removing of one meaning the displacement of all, as when one heedlessly

snatches a potato from the middle of a bushel basket. But very few got

down except the soldiers, the objective point for all being Paris.

The twilight shadows were welcome, for they swallowed up all the

phantasmagoria of the day and we relapsed into silence. It was one of

those moments when Reality, or the fear of it, battles with our courage

and each one grew thoughtful as he neared the great city, dreading to

meet the spectre he feared.

The wheels of the cars sang on in a hollow, monotonous tune, the windows

rattled systematically and outraged brakes screeched at every recurrent

jolt. Finally we saw a dim row of lights and a long, thin whistle from

our engine told us that the journey was done. Again was that noticeable

lack of excitement: everyone calmly took his personal belongings and

prepared to get down when the guard, in an unimportant voice, should

call out "_Paree_," which you would not hear if you were not listening.

After the Customs, I was in a frenzy to get out into the street, to be

welcomed back, as one always is here, and to be cheered and warmed by

the bright lights--the flashing eyes of Paris. But the streets were dim,

the shops and restaurants closed and few people circulating about. How

different it all was! I felt like Rip van Winkle after his twenty-years'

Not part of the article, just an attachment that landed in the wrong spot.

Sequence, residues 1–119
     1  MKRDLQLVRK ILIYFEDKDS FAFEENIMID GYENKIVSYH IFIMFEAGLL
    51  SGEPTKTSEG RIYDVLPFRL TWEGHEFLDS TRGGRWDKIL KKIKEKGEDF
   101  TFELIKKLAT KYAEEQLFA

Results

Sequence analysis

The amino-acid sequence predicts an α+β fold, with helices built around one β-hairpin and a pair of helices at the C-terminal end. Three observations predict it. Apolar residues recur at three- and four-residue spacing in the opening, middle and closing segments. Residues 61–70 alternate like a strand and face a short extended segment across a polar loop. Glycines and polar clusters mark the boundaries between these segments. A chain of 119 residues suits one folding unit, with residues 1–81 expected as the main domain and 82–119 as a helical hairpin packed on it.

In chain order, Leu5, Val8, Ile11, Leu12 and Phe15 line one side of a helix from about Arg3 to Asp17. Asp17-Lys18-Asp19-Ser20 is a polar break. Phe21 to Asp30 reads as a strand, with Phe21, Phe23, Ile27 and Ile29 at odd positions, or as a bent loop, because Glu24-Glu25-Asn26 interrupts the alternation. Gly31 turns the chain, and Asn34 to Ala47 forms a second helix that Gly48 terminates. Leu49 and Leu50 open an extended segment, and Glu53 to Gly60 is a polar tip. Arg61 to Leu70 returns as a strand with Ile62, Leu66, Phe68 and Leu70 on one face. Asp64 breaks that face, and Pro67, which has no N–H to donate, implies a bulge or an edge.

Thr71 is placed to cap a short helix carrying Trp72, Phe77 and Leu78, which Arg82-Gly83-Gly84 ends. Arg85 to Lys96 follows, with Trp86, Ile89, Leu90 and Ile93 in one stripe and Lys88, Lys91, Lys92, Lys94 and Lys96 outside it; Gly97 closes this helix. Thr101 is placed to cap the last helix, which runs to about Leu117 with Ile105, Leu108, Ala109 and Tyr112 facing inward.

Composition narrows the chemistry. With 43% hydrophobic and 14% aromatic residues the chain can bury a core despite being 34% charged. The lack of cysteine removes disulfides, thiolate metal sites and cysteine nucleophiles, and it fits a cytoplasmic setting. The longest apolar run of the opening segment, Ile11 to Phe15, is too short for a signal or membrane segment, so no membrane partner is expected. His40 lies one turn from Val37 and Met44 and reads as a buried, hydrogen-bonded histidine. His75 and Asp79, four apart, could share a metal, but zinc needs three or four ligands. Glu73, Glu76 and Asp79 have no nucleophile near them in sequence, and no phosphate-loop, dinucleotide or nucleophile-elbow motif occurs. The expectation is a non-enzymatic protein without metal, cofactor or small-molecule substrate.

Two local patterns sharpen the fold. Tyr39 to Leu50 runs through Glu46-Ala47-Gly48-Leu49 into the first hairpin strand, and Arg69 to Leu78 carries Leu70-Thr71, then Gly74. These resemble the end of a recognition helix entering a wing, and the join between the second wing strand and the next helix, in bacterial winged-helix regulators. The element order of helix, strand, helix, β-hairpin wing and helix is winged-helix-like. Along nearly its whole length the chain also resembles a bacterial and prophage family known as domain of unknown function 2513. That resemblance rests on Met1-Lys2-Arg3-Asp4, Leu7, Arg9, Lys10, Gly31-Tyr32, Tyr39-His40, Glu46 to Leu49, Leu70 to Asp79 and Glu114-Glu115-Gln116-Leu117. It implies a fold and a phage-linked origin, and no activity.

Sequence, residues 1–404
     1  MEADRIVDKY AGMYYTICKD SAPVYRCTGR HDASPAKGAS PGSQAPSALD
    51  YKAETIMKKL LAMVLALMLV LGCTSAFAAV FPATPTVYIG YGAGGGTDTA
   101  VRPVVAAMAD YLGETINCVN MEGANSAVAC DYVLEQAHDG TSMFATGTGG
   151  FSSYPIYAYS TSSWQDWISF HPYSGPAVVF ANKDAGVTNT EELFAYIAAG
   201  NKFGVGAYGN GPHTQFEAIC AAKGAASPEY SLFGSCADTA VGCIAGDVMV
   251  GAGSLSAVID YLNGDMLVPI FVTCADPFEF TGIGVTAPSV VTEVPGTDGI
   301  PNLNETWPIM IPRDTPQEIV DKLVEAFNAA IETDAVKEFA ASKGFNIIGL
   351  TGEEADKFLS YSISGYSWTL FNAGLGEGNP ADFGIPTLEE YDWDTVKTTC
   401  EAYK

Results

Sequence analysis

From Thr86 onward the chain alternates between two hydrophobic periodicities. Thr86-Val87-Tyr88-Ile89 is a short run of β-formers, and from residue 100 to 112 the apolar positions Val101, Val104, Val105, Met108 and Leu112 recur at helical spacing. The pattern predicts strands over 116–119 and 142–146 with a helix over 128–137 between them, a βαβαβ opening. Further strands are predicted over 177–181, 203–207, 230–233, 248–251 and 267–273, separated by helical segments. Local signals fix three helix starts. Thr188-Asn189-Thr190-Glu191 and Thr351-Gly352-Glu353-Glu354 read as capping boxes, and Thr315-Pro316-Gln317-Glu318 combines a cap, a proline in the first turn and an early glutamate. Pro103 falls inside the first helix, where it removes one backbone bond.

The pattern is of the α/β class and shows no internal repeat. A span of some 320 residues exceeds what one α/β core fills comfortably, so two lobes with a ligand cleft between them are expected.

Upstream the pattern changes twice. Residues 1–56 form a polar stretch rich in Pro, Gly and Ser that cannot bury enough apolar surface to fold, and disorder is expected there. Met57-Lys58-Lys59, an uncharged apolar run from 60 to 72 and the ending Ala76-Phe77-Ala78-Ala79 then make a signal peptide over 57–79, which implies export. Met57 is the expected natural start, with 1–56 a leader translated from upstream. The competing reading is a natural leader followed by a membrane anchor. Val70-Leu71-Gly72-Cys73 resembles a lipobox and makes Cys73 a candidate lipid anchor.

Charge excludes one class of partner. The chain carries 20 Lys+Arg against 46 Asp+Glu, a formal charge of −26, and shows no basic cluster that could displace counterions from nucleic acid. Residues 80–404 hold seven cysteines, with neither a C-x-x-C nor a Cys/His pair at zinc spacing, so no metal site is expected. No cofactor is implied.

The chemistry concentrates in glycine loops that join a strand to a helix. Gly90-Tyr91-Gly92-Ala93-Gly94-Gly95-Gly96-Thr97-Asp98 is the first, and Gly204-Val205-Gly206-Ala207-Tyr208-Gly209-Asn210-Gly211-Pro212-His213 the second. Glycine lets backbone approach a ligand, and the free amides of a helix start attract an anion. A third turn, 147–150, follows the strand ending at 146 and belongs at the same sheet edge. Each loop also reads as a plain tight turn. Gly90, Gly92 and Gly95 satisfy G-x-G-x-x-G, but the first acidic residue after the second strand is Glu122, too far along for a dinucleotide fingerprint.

sleep, for at the apartment (I thought I had come to the wrong house)

was a new concierge, young and pretty, replacing the old, white-haired

one. Had we gone back twenty years instead? The rooms were empty--all my

friends had disappeared, the dust was inches thick, the furniture pushed

mostly into the middle of the rooms and some of the beds were gone.

Thickly sprinkled over the floor of my room and on my bed were pieces of

the window glass, broken like all the others in the house, by a German

bomb which fell and exploded in front of the Prince of Monaco's house,

two doors from us--not one hundred and fifty feet away. Half dazed, I

dusted a place large enough for my hat and coat, extracted some clean

linen from the closet and went to bed, sick at heart.

_November 12th, Thursday._

Paris! after a four days' tiring journey which in happier times takes

only five hours. But it doesn't matter--it is home again. Anywhere is

home which is out from under that yoke of infamous tyranny. I rage in

proportion as the minutes separate me from this odious thing that closes

its iron fingers around the necks of my friends.

No! It is not to be borne. Let every man, woman and child on the earth

rise up until we have right. Do I not know? Have I not experienced the

mailed fist? And yet, how little in comparison to others; but it is

enough.

The concierge gave me coffee and rolls and I dressed quickly in order

to get out into the street where I knew the dismal impression of the

indoors would be dispelled by the habitual smile of the enchanted city.

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